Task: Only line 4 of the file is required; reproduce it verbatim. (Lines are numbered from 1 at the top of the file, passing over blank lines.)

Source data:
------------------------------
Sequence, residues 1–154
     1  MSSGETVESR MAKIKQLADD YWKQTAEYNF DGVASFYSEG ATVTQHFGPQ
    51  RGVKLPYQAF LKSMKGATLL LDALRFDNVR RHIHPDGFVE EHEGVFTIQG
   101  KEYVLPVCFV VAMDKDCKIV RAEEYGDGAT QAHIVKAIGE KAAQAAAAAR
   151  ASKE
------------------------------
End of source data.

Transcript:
   101  KEYVLPVCFV VAMDKDCKIV RAEEYGDGAT QAHIVKAIGE KAAQAAAAAR